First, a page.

Afghan Premier Logistics

B-409971: Sep 26, 2014

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Afghan Premier Logistics (APL), of Kabul, Afghanistan, protests the U.S. Transportation Command's (USTRANSCOM) rejection of APL's proposal to provide trucking services in Afghanistan pursuant to request for proposals (RFP) No. HTC711-14-R-W002. ATL asserts that it is entitled to a contract award because it submitted a technically acceptable proposal that offered a lower price than that of some of the awardees.

We deny the protest.

The decision issued on the date below was subject to a GAO Protective Order. This redacted version has been approved for public release.


Matter of: Afghan Premier Logistics

File: B-409971

Date: September 26, 2014

Michael A. Gordon, Esq., Fran Baskin, Esq., and Jason T. Edwards, Esq., Michael A. Gordon PLLC; Richard L. Moorhouse, Esq., and L. James D’Agostino, Esq., Greenberg Traurig LLP, for the protester.
Lt. Col. Mark E. Allen and Capt. Eric J. Singley, Department of the Air Force and J. Toby Harryman, Esq., U.S. Transportation Command, for the agency.
Glenn G. Wolcott, Esq., and David A. Ashen, Esq., Office of the General Counsel, GAO, participated in the preparation of the decision.


Protester’s contention that the agency unreasonably rejected its proposal to perform trucking services throughout Afghanistan is denied where the record shows that protester’s proposal was assigned a high risk force protection rating, based on classified information that could not be disclosed to the protester but was reviewed by our Office, and provides a reasonable basis for the agency’s decision to reject the proposal.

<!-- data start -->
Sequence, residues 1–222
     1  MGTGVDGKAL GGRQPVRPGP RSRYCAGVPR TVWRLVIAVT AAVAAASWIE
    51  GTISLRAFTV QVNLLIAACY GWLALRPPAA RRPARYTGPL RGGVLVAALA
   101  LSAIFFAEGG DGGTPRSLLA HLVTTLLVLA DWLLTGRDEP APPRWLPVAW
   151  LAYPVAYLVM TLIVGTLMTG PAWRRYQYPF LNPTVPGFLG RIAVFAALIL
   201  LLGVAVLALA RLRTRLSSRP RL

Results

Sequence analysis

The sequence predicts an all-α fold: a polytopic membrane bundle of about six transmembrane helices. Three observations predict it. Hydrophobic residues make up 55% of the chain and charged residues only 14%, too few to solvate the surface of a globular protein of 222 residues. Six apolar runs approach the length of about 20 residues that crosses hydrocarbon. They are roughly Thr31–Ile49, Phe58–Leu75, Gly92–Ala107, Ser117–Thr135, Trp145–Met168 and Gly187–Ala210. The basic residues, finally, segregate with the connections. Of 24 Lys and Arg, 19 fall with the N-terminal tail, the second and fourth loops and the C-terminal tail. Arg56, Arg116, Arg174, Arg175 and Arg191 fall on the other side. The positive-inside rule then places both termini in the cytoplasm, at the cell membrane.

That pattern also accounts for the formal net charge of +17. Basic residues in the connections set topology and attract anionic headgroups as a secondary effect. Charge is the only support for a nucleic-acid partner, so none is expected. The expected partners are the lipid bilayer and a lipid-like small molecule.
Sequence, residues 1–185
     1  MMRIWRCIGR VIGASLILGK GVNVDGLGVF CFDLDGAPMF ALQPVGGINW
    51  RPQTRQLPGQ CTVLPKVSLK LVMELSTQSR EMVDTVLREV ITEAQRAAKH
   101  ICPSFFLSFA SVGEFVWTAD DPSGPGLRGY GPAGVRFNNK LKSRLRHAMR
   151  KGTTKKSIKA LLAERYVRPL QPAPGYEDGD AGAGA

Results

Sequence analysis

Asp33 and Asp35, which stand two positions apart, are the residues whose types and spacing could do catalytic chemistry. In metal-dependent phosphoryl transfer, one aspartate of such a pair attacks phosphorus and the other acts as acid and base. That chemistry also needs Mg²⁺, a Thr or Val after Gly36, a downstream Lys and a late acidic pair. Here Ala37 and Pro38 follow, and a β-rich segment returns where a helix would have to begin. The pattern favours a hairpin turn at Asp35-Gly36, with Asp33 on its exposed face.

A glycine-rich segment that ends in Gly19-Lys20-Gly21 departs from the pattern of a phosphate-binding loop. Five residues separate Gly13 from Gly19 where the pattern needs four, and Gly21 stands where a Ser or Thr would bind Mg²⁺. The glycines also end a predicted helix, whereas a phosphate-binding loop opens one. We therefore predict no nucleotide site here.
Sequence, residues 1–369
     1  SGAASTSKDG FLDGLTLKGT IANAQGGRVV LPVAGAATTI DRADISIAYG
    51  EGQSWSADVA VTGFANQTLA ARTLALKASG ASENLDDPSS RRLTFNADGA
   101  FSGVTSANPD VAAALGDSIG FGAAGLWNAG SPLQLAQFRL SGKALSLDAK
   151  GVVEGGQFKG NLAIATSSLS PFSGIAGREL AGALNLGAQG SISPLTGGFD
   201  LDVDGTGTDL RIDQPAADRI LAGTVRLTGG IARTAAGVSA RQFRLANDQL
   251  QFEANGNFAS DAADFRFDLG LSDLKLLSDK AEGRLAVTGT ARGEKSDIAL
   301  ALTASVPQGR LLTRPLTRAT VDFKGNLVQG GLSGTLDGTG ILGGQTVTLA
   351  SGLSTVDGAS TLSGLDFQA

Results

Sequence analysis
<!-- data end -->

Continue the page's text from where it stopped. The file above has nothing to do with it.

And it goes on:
Afghan Premier Logistics (APL), of Kabul, Afghanistan, protests the U.S. Transportation Command’s (USTRANSCOM)[1] rejection of APL’s proposal to provide trucking services in Afghanistan pursuant to request for proposals (RFP) No. HTC711-14-R-W002. ATL asserts that it is entitled to a contract award because it submitted a technically acceptable proposal that offered a lower price than that of some of the awardees.

We deny the protest.


The agency issued the solicitation in May 2014, seeking proposals to provide secure and reliable means of transporting various cargoes throughout Afghanistan.[2] The solicitation was divided into three “suites,” reflecting three different types of cargo--bulk fuel, dry cargo, and heavy cargo--and provided that, under each suite, the agency would award multiple contracts to the responsible offerors submitting the lowest-priced, technically acceptable proposals. Agency Report (AR), exh. 7, RFP, at 45-47.

The solicitation provided that to be responsive, “all non-U.S. Contractors (including joint venture with non-U.S. Contractors) must be registered in the Joint Contingency Contracting System (JCCS).”[3] RFP at 49. Consistent with this requirement, the U.S. Central Command (CENTCOM) has instituted a vendor vetting program for contractors seeking to do business with the U.S. Government in Afghanistan.[4] The purpose of this program is to “help identify and prevent insurgents, terrorists, militias, foreign intelligence and security services (FISS) and criminals from gaining access to U.S. and Coalition equipment, facilities, and personnel and using contracting proceeds to fund their operations.” AR, exh. 12, Determination of Contractor Responsibility, at 4. Pursuant to the vetting program, vendors are assigned one of four force protection risk ratings: A, B, C, or D. AR, exh. 5, CENTCOM Memorandum, Mar. 27, 2014, at 2. Contractors that are rated C or D are barred from all coalition bases in Afghanistan, unless an exception is granted. AR, exh. 12, Determination of Contractor Responsibility, at 4. Contracting officers are required to review a contractor’s force protection risk rating prior to making any contract award. AR, exh. 5, CENTCOM Memorandum, Mar. 27, 2014, at 4.